Michael Ironside has had a long and storied career as a character actor in film, television, cable and new media productions. His more than 250 roles include classics like Scanners, V, Total Recall, Starship Troopers, and recent turns in Terminator Salvation, Justified, and X-Men First Class.
But Michael treats his work as just that: work. Once the “show” part is done, he is simply about the business of moving on to the next job.
“We leave show business on the job,” he said. “There’s no kind of affectation about it.”
So for him to do press on one of his projects is rare, and noteworthy.
“I don’t go out and support a lot of the projects. It’s few and far between that you do good work and it goes through the mill and remains untainted.
“If I can’t support something, I don’t want to say anything about it. I’ve watched wonderful projects get ground up in personal kind of laundry lists. This one made it through.”
“This one” is an independent film called Turbo Kid, which took the 2015 Sundance Film Festival by storm, becoming one of the few standouts receiving viral attention and an ambitious national release. On August 28, the film opens in theaters across the United States.
Written by the RKSS Collective team of Anouk Whissell, François Simard, and Yoann Karl Whissell, Turbo Kid stars Michael Ironside, Munro Chambers, Laurence Leboeuf, and Aaron Jeffery in a retro-futuristic nostalgic tribute to 80’s action-adventure films. Set in the post-apocalyptic year of 1997, we follow the Kid (Munro Chambers) on an adventure to save Apple (Laurence Leboeuf), the girl of his dreams. As he is befriended by a brave and ballsy Cowboy (Aaron Jeffery), and thwarted by the villain Zeus (Michael Ironside), the Kid learns about love, sacrifice, doing what is right, and what it takes to truly be a hero.
The film is very much a send up of the Road Warrior/Mad Max films, with a sprinkling of Total Recall and Scanners mixed in—exploding brains and all. Beneath the satire, cartoon violence, and silliness in some of the scenes, you find the heart of a real story about love, recompense, managing grief and loss, and a boy’s tale of growing into a man.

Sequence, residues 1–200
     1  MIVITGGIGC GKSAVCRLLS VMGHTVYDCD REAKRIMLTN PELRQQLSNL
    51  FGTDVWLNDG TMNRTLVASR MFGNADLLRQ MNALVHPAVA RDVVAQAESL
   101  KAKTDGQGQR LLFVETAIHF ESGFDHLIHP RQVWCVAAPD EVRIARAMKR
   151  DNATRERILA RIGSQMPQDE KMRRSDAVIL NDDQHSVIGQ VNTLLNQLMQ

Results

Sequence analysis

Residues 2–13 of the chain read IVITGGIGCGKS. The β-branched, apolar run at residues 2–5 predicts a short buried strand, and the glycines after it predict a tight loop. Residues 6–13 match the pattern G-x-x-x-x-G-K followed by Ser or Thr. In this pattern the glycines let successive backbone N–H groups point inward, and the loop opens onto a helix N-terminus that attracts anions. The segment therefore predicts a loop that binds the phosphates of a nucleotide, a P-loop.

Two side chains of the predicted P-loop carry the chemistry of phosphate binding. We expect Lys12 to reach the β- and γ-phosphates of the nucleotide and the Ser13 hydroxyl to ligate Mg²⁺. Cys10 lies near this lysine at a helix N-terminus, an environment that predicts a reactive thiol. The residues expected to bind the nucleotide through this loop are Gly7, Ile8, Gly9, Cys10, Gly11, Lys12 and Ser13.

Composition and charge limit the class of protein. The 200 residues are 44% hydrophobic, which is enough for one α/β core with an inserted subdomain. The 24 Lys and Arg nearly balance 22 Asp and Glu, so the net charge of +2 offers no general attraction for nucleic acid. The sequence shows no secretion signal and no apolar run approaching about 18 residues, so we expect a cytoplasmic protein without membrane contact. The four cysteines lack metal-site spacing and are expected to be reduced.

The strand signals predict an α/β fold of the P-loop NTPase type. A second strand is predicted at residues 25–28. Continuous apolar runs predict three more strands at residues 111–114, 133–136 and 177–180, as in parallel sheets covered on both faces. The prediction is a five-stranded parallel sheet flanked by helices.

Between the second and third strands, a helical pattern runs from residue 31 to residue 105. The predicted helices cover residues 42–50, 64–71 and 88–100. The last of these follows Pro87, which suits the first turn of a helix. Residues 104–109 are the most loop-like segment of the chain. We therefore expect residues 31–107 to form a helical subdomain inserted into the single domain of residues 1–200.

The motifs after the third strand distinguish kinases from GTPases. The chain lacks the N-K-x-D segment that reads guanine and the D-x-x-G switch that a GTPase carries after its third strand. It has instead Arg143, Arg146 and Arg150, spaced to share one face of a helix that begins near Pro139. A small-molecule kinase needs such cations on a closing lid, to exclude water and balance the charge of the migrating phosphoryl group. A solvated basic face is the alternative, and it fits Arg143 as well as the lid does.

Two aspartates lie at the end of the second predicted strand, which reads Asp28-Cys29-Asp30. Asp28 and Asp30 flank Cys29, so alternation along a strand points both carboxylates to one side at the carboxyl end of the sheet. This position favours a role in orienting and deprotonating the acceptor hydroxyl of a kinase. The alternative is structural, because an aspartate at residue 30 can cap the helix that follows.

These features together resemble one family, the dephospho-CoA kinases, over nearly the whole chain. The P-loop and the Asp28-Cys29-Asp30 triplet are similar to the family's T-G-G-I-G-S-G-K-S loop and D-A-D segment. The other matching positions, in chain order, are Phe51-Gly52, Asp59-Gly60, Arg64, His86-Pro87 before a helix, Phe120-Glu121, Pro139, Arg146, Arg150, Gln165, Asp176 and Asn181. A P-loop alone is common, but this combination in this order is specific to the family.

Michael agrees, “It’s a Road Warrior reenactment, as if children had done it. It doesn’t pander to violence. I think it does something completely different. I just find it charming.
“I’d rather not say anything if I can’t say anything positive,” Michael said. “I’ve spent more time selling this film than actually making it. The movie embodies a unique sense of public storytelling. It’s not a polished timepiece, it’s an incredible hand-made clock.”
Michael was introduced to the RKSS Collective team by a producer and was “very enamored with them right off the back. They were genuine, no bullshit, enthusiastic storytellers.
“I get anywhere from 4-6 scripts a week, and most of them are crap. Many of them are derivative of other movies I’ve done. This one was wonderful, I actually read it twice! I had my wife read it, and asked if she agreed, and she did.”
Turbo Kid was filmed in Quebec over a 20-day period, in below zero weather.
“We shot this in 19-20 days, with no money in a gravel pit,” Michael remembers. “I always laugh, because we had no money we had shanties for trailers. It was freezing weather in the morning, and I remember coming into my tiny trailer, and the water in my little toilet was frozen. It just felt like a familial situation. Just make this work, and it was a joy to make it work.
“Everything in that film has an intention. It’s not supposed to be some moral, ethical document about violence in the world. It’s about fantasy, an adolescent film.”
Michael lauded his co-stars, Canadian Munro Chambers, France’s Laurence Leboeuf, and New Zealander Aaron Jeffery.
“Munro has genuine heart. Laurence is a big star in the French world, and she is absolutely endearing. I have a lot of great memories of Aaron Jeffery—I really enjoyed him. He was fabulous, and was pretty much in character all the time.
“I’d love to work with these people again.”
As an industry veteran, it was refreshing for Michael to work with the RKSS Collective team and warned them that, “you’re never going to have this freedom again. You have no predisposed ideas. It’s really genuine. It’s honest, it’s not pretentious, it’s authentic kind of joy of storytelling. But with every million dollars on a film comes another executive.
“I really do hope these three directors—they’re a brother and a sister and a friend, and the friend married the sister—I just pray God that they have enough legs to stay alive and not get polluted by money, power and prestige.”
In the meantime, he encourages audiences to go see Turbo Kid. “There’s a purity of storytelling in this, and a genuine gratefulness to the filmmaking. I think that genuineness bleeds through in the filmmaking. If the audience doesn’t get it, I think you have to look at yourselves.”
“How often are you going to get a chance to do it? You have to support something like that.”